I had been commissioned by my President Fürbringer29 to conduct an investigation. There was a preacher there by this point.30 I preached to a schoolhouse full of people, then the investigation got going. A number of complaints were brought forward; unfortunately they turned out to be true. The preacher asked for forgiveness, and since there were no criminal offenses, I asked the congregation to pardon him and retain him. But they didn’t want that; they still thought it would be better if he left, because things were simply ruined by that point. He was relocated out west after that, and became a very good pastor there, even a visitor.31 He has been in heaven for a long time now. —

I received a slip of paper on which a bunch of places were recorded for me that I was supposed to visit and do mission work. A man promised me a riding horse. Bright and early32 one man hitches his horses to his wagon, another brings me a horse, a big gelding, and says, “He has the heaves [die Heafs], but he won’t keel over. Just keep riding him at a good clip, sir.”

I get on my gelding. The other man takes off; I follow after. He puts them into a trot, and I put my gelding into a gallop. But right away I think, “Oh no, oh no, how is this going to turn out?” For he galloped so high and was throwing me into the saddle with full force. The consequences came soon enough. I get colic, and have to call to the man to stop, then take a seat in his wagon and tie the old boy to the back. The pains get worse and worse; the man finally has to drive at a crawl. I tell him to take me to an apothecary. He did so. The gentleman was in the middle of sweeping out. I tell him that I’m sick. He says, “Yeah, I can see that.” He disappears into his hideout and mixes me up something proper, a half glass full of yellow stuff. How it tasted, I don’t remember anymore, but I scarcely had it down before my belly gets red-hot and my pain is gone.

I get on my gelding and head for Chippewa Falls, leave my horse on this side, and I take the ferry across the river. Over there the path goes along between the river and the hill, toward the village. There stands a little house right next to the path, and behind it, at the bottom of the hill, a new brewery with “Gerhard” on it. “He has to be German; you should stop in there.”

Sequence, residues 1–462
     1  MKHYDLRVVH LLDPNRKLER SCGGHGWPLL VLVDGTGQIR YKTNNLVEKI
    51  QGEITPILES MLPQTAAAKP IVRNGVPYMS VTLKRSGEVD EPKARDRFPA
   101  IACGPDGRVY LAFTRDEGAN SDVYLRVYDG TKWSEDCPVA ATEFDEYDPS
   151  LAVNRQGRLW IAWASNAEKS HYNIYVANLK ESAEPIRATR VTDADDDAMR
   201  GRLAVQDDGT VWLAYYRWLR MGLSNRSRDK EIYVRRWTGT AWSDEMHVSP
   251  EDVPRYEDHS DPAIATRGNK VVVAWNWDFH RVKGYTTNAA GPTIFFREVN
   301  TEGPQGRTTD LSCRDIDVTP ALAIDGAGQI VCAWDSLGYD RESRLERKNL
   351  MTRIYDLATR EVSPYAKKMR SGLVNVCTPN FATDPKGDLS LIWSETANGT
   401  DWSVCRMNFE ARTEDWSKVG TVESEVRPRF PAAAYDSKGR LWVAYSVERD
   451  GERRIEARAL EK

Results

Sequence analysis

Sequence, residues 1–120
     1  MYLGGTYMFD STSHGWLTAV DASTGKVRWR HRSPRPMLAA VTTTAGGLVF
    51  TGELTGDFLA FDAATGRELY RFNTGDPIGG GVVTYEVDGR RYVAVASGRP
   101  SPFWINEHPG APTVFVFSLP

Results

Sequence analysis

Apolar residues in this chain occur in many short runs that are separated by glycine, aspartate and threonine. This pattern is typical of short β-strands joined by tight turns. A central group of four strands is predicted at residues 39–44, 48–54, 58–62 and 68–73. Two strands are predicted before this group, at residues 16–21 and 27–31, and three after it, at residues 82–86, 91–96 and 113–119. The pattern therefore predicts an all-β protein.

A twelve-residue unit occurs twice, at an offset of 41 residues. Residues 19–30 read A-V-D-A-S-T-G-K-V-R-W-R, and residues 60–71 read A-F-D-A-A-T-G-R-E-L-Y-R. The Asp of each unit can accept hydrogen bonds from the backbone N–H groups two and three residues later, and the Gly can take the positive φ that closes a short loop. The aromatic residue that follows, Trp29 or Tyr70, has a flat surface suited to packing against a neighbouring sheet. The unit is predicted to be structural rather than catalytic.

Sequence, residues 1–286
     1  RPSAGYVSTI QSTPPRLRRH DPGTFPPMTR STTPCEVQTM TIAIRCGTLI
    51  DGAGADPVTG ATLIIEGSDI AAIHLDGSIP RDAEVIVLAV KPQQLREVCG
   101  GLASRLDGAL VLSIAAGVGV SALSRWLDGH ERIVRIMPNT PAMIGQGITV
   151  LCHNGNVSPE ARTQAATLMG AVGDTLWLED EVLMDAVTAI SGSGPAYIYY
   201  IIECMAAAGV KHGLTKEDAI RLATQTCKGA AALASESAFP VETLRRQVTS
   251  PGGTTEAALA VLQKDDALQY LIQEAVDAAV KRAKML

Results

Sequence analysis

The man was a young, friendly man; no beer belly on him. He directed me into the village. There, situated in the valley, stands a saloon in the center. I make my way there, address the bartender in German, and he answers me in German. I say who I am and why I was there. He says that he doesn’t care much for church. There in the distance in that little house by the hill lives a cobbler, he says; I should stop in by him.

I head over. The cobbler is beating his leather. He stutters and says that yeah, a pastor had been there earlier, and the people from the country had come in to hear him preach. The preacher was supposed to eat at his place at noon, and they were going to give him 25 cents each time. They still owed him 50 cents, and he wanted nothing more to do with it.

During the conversation, a door opens up and a woman walks in the door and soon picks up on the discussion. She speaks fine German. “Whoa,” I thought, “this is a sophisticated woman.” She gives me several zingers, but gentle ones, the gist of them being how people were expected to fodder the vagabonding33 preachers for free. I get red, stand up and say, “Listen here, ma’am, I am an honest pastor and no lowlife!” I pat my money-bag and say, “I have money. If you give me a meal, ma’am, I will pay you” [cf. 2 Thessalonians 3:6-12]. She turns friendly and apologizes.

Now they told me that there were not many in the village and there were people scattered in the country, but they could not be called together now on such short notice. I say, “Okay, I will ride up to Yellow River and come back the day after tomorrow. Could the people be called together by then?”

Yeah, he didn’t have any time at all, he said, and besides that, he didn’t know anybody either. I myself could not go and do it, for I was always scheduled in advance from place to place. So I was unable to preach in Chippewa Falls.

I go back to the brewer, stay overnight at his place and ask, “What kind of a cobbler’s wife is that? She did not grow up here.”

“Yeah,” he says, “a military officer brought her along from Germany and jilted her, and in her need she took the cobbler as a husband.”

I cross the river34 and get on my gelding and head up to Yellow River. I arrive at a settlement of Swabians, my own countrymen, turn into a house where two brothers live, who had two sisters as their wives. Each had a baby. They were in the middle of cooking sugar.35 So in the morning the one woman would go into the bush and the other would stay with the children. In the afternoon they would switch. In the evening many people came. In the morning a nice large group assembles in the schoolhouse.36 I announce my hymn and start singing; they sing along, very well, but somewhat slowly. I start to preach. Then a man calls out, “Mr. Parson [Pfarrer], a little louder; there are people here who can’t hear well.” So now I belt it out.